Servicing. The when and why.

Servicing. The when and why.

When it comes to mechanical watches, no matter how strong the case is or how thick the glass is, inside that shell is a delicate mechanical eco-system of moving parts, all of which rely on each other to run properly.

Exploded watch movement

Something as small as a speck of dirt, or a drop of water could see its accuracy go out the window. So, how do you ensure your watch is at its best? The most reliable and convenient way is to get it regularly serviced.

How often should I get my watch serviced?

Manufacturers typically recommend a service every 2-5 years, largely depending on the movement choice, but if your watch is running noticeably slow or fast, or something just doesn’t feel right, don’t wait for this window, get it serviced as soon as you can.

What you do while wearing your watch and how you treat it will seriously affect this range. If you're a keen diver and take your watch in the ocean every week, your watch is going to need an MOT more often than a ‘desk diver’.

Pompeak dive watch in water

No matter how well you rinse the watch after the dive, the frequent submersion in saltwater eventually takes a toll on the case and seals.

The age of your watch

The age of the watch also plays a role in frequency of service. If it's less than 5 years old and all of the functions are running smoothly as well as keeping good time, it might not need a service. However, prevention is better than the cure and a strip, clean and relubrication might just prevent some more serious work being needed down the line.

Vintage pocket watch movement

What can I expect from a service?

The second and third most common questions people have is usually along the lines of “what does a watch service include?" And "is it expensive?”. You can rest assured that (with a reputable service center) you’ll absolutely get your money’s worth with a service, including:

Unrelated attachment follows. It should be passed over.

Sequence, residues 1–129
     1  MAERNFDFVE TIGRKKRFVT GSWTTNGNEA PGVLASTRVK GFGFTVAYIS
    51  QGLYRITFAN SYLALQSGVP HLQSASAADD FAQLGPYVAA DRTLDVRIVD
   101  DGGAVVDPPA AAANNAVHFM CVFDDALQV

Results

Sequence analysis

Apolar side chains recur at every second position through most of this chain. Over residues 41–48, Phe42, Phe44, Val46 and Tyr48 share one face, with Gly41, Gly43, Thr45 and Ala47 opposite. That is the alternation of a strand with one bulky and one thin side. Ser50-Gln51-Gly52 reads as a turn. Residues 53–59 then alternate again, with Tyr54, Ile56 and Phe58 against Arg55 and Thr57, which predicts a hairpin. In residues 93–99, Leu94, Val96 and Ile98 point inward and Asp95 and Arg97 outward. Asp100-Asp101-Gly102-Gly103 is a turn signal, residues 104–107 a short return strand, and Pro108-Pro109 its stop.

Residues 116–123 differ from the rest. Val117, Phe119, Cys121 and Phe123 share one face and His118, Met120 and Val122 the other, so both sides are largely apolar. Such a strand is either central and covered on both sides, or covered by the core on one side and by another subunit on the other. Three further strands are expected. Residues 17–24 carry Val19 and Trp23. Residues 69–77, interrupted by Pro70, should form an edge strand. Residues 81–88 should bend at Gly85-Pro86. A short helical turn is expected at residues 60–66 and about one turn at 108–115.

• A complete disassembly of the watch and movement, from separating the bracelet from the case right down to the movement’s individual components
  • Inspection of each individual part to ensure it not only functions correctly but is free from rust and excessive wear. (An estimate for replacements is usually given so you’re not stung with a huge bill)
  • Cleaning the stripped-down movement
  • Reassembly and lubrication of the movement to ensure it stays healthy
  • Adjustment of the movements timekeeping if required
  • Clean and reassembly of the dial and hands to the movement
  • Bench test & final adjustment of the movement
  • Ultrasonic cleaning and optional polish of the case and bracelet, this can include buffing any minor scratches, with specialist equipment being used on the larger scratches/dents.
  • Case reassembly with water-resistance testing
  • Checking of the cleanliness and the functioning of the assembled watch

The cost is going to widely vary depending on the watch and movement, but in my eyes, getting all of this from around £90 / $115 for an automatic and £50 / $65 for a quartz movement is an absolute bargain.


Whether you get your watch serviced is completely up to you and is going to depend on the value of the watch, both monetary and sentiment. To watch newcomers, this may seem like a completely unnecessary expense but some professional TLC might just save you a heap of money and heart ache in the long term.

Watch being cleaned by microfibre cloth

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Where should I get my Pompeak watch serviced? It stopped working a while ago (within a year of first purchase) so it would be good to get it going again.

Simon Ogilvie

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